suspicions, and the others, if they shared such thoughts, kept them to
themselves.

There was instant agreement, however, that with a skulking incendiary
around, no hangar or its valuable contents was safe, and that the best
insurance against a hidden foe lay in a constant night patrol by at
least two men. It was arranged, therefore, that two would continue such
watchfulness throughout that night, and that thereafter, until the
flight began, this vigilance would be kept up by two men on duty
throughout the entire time from sunset to sunrise, each couple doing
duty for four hours.

In the drawing of lots which followed, Don Harlan and a man named Joe
Harrity were selected to patrol the hangar section throughout the
balance of that night; and this was completely satisfactory to all
concerned, for they were equally popular and trusted among their fellow
aviators.

Naturally, with the entire town so aroused, not even the boldest
malefactor would be expected to pay another pilgrimage to the scene of
his attempted work of arson that same night, and nothing further
happened, although both Don and Harrity held secret hopes that the
fellow would put in an appearance, so that they might at the same time
learn his identity and his motive.

Early in the morning Jack, Fred and Andy had a hasty breakfast and then
hurried to the hangar just as Don was returning to snatch a few hours’
sleep to make up for the long vigil.

“See anything further?” Jack asked.

“No,” Don answered. “The fellow, whoever he is, didn’t return, but I
wish he had.”

“Well, we’re going over every inch of that plane today,” Jack informed
him. “But I’ve just been thinking that it might be best not to say
anything; in fact, to make it seem that our suspicions have been lulled
to sleep.”

“Yes,” said Don, “I’m inclined to believe, with you, that that is our
best method of self-protection.”

“All right, then, we’ll say nothing to anybody. If we discover anything
it may help us to solve this mystery.”

Don continued to the hut, where he warmed up the breakfast the other
three had left for him. Meanwhile they were at the hangar, beginning
their minute examination of their plane.

It was well toward noon, and when they were coming to the conclusion
that no matter what might have been the designs against them, none had
been successfully carried out, when Andy made a sudden exclamation which
brought the others to his side.

For more than an hour he and Jack had gone over the engine together,
while Fred had made every possible test of the electrical and radio
equipment. Jack and Fred were at this time examining the elevators and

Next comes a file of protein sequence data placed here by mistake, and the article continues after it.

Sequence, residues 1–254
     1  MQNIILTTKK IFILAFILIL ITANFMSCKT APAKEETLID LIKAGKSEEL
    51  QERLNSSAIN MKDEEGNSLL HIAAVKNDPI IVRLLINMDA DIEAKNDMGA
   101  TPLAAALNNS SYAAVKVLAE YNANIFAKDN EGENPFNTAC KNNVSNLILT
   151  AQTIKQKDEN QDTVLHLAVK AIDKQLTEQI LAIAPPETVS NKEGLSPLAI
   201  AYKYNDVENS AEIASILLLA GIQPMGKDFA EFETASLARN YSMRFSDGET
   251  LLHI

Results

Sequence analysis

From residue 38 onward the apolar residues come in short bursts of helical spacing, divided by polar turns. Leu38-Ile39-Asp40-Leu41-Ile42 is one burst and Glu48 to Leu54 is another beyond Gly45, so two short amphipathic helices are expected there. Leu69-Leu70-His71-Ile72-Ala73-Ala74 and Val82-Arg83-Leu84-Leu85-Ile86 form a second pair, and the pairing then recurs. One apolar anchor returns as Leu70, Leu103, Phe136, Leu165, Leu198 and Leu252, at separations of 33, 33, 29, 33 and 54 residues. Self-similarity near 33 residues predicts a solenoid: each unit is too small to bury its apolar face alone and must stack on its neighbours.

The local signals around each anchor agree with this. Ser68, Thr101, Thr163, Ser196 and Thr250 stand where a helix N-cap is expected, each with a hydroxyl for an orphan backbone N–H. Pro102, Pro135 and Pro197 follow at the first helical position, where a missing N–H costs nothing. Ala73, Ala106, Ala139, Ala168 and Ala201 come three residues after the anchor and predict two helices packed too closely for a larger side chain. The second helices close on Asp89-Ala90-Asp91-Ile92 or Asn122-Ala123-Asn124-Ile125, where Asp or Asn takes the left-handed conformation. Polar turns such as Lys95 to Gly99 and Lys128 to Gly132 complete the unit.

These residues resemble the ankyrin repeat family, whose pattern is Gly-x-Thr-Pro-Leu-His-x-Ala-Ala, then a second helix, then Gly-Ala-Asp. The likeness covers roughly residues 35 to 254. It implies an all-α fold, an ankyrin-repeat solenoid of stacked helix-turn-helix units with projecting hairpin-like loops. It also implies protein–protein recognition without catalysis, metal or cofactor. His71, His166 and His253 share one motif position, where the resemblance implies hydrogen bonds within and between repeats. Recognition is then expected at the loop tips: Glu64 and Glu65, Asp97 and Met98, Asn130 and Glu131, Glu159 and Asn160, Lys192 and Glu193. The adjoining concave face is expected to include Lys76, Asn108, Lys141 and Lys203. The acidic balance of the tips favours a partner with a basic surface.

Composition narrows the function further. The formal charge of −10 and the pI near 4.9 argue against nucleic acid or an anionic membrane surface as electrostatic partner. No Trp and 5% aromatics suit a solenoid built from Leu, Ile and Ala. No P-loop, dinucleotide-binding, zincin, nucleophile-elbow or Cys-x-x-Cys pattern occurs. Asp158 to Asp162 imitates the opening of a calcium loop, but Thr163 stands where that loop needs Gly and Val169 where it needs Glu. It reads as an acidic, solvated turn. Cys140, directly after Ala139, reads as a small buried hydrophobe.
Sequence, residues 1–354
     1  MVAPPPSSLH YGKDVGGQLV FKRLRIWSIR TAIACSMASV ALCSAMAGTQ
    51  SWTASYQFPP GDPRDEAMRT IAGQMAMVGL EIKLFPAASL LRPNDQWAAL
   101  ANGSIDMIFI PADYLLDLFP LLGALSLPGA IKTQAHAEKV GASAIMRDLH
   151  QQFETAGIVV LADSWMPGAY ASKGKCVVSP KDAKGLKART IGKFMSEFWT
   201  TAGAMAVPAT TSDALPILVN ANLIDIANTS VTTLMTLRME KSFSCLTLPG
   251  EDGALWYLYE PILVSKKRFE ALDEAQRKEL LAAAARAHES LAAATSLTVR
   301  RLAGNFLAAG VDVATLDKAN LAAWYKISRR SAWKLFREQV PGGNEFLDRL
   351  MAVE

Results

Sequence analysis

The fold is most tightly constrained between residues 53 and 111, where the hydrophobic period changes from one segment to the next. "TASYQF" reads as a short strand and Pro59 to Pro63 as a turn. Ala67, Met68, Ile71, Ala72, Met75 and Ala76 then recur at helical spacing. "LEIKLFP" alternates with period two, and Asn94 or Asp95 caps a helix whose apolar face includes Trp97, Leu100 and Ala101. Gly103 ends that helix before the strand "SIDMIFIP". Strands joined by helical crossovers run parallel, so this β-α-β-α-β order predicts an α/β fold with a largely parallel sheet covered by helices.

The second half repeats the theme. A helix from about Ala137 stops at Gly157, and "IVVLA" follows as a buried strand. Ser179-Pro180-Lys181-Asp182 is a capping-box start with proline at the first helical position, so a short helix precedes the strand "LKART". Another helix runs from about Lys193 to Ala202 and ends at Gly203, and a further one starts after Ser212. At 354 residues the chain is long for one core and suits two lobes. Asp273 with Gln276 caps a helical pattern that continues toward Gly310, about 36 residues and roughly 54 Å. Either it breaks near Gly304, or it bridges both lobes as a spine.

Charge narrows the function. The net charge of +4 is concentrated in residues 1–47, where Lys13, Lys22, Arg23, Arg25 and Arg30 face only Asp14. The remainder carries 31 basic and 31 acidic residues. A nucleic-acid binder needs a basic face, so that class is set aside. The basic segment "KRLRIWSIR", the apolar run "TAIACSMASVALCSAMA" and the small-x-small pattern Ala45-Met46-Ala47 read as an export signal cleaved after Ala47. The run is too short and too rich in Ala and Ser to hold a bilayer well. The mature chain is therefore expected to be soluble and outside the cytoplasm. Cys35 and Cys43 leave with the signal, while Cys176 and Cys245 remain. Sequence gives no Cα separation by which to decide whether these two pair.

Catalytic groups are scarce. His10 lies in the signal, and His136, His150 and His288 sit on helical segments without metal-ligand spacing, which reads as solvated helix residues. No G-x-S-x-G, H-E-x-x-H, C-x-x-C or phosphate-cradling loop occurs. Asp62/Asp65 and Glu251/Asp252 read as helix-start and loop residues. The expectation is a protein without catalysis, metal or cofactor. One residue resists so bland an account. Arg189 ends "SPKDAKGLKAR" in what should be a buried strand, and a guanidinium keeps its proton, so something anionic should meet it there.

rudder, and Andy was going over the fusilage, carefully inspecting every
inch of strut and frame work, and by accident had laid his hand on one
of the main bracing wires. His trained touch had brought the involuntary
exclamation.

“What is it?” Jack asked, as nearly excited as he ever permitted himself
to get.

For a moment Andy did not reply. When he did it was to ask the others to
come closer.

“Look at this,” he said, pointing with index finger to a place far up on
the bracing wire.

Now it may be explained here that for the purposes of strength and
endurance these wires are made up of many smaller strands, finely
twisted together. Sometimes one of these strands will break, and often a
careless aviator, or an over-confident one, or one who does not want to
subject himself to what he regards as an unnecessary delay, although he
knows the danger inherent in such a course, will clip off the broken
strand, close up to the main wire of which it is a part, and do the job
so well that even a trained inspector might not easily discover how, to
save time, he was endangering his own safety and perhaps the lives of
others.

During the war, when often time was the main objective, when danger was
laughed at, and even human life was valued cheaply, many an aviator came
to his death through a collapse of his machine directly due to the fact
that he or other aviators, perhaps over a considerable period, had
clipped off and thus hidden so many broken strands in a single wire that
finally it broke completely, perhaps telescoping the entire machine.

In this instance Andy had discovered at least half a dozen broken and
carefully hidden strands of a single important bracing wire, and there
was no doubt that it had been done deliberately by someone planning the
ruin of that plane long after it was on its way from America to Europe.

For a moment the very dastardliness of the deed was so disconcerting
that the three youths found themselves speechless. There was no doubt
of the meaning of the discovery. The plot was a daring one to defeat
this machine and crew in the race, and it had been designed and carried
into effect in a way that, had it not been discovered in time, probably
would have cost them their lives.

“Well,” ejaculated Jack, the first to recover himself. “Somebody
certainly loves us.”

“Yes,” said Andy, “they wish us well–well out of the way.”

From the window they could see Donald approaching, refreshed by his
morning’s nap.

“Let’s wait until he gets here,” Fred suggested, “and then hold a
council of war.”

In a few words Donald was told of the situation. At first they thought
it would be well to take Captain Allerson into their confidence, but on
calmer consideration they agreed that he might inadvertently drop the
tip, and then, after all, the culprit might not be caught, with the
resulting danger that this or some other machine would start upon the
flight mortally crippled, destined never to reach Europe.

“Better keep the thing to ourselves for a day or two, anyway,” was
Jack’s counsel, “and then determine how we are to let the others know.”

“Well, I’ll tell you what I’m going to do,” said Fred Bentner, his
countenance set determinedly and a glint in his fine eyes. “I’m just
going to fix this machine so that anyone who touches it will stay here
until we arrive.”

“How?” asked Andy Flures.

“I’m going to charge every metallic part with a sufficient voltage of
good old electric juice to give the shock of his life to anyone who lays
his hands upon those parts,” Fred answered.

“That’s the best idea yet,” agreed Jack enthusiastically. “That is,
providing you can give it sufficient voltage.”

“Well,” Fred went on, “I’ll connect up enough of the juice that even if
it won’t hold a man it’ll bring such a surprised yell out of him that
anybody within a hundred yards will know he has touched something hot.”